Though both Netflix and Amazon Prime have clearly become game changers, industry figures point to Amazon Prime enjoying better success. During its India launch, Amazon Prime had announced 18 originals. Says Vijay Subramaniam, director, Content, Amazon Prime Video India, “In India, we had the highest number of Prime members in a debut year than any other country before, and India is growing faster than all other 16 countries Prime is in, with a viewership from over 350 cities across India.” Last July, they announced the launch of their first original Inside Edge that received a “tremendously positive response”. In January this year, they launched their second original Breathe, post which they launched their first unscripted original The Remix.

Learning from its initial setback, Netflix, which rose from its humble origins of a DVD rental service to becoming the leader, quickly regrouped. “In the past year we have more than doubled our catalogue in India, creating a compelling content library. Sacred Games, set for release on July 6, is our first original series which we are partnering with Phantom Films. Then there is Selection Day, which we will be producing in partnership with Seven Stories and actor Anil Kapoor’s production house,” says Lee. This year will commence season 2 of Luke Cage, Narcos and 13 Reasons Why, besides Black Mirror, Titans and Innocents.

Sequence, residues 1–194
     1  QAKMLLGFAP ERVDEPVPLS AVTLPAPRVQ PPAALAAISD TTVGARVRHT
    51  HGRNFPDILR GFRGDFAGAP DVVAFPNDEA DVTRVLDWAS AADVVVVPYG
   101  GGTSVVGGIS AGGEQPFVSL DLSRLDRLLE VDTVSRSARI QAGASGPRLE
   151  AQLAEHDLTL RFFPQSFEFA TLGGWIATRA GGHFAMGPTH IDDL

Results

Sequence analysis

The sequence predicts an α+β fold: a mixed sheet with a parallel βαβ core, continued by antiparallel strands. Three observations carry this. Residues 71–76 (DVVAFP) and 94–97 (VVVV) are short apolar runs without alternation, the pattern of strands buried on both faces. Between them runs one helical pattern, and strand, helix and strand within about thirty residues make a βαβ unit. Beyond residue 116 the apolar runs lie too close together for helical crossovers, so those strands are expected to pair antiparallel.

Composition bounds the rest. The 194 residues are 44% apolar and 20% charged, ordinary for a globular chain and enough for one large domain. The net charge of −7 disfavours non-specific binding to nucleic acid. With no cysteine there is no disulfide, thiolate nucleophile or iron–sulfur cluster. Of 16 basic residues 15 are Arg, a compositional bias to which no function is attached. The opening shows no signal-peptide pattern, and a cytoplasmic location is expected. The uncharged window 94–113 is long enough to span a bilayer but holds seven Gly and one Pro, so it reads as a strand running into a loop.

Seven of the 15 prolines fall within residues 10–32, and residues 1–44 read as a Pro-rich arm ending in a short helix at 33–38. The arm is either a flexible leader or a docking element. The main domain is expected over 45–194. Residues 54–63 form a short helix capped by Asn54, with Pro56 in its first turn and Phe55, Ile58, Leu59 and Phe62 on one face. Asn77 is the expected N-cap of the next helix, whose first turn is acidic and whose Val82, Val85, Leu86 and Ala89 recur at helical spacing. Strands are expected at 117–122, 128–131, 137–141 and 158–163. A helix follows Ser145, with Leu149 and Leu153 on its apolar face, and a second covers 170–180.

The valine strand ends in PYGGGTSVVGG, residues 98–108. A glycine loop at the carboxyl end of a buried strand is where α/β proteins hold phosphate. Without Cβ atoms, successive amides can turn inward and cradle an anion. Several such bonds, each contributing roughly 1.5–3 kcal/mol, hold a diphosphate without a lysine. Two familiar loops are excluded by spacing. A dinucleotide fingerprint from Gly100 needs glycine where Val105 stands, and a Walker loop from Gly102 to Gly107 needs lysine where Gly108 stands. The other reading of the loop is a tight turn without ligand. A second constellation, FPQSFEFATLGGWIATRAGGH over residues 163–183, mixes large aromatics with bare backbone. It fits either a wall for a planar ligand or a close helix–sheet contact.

Perhaps, nobody could anticipate what the Netflix/Amazon blitzkrieg would do to the way entertainment was being consumed. Of course, early entrants such as TVF, Hotstar, SonyLIV, etc might have been partially responsible. TV viewing, till then, had always been done in half-hourly and hourly slots. But with all the episodes of say a single season being added on in one go, viewers had the option of consuming the entire fare in a single sitting. Also, allowing users to stream and download their favourite show and movies has helped accelerate the trend. Says Banerji, “The more you give the viewers, the more they will consume.”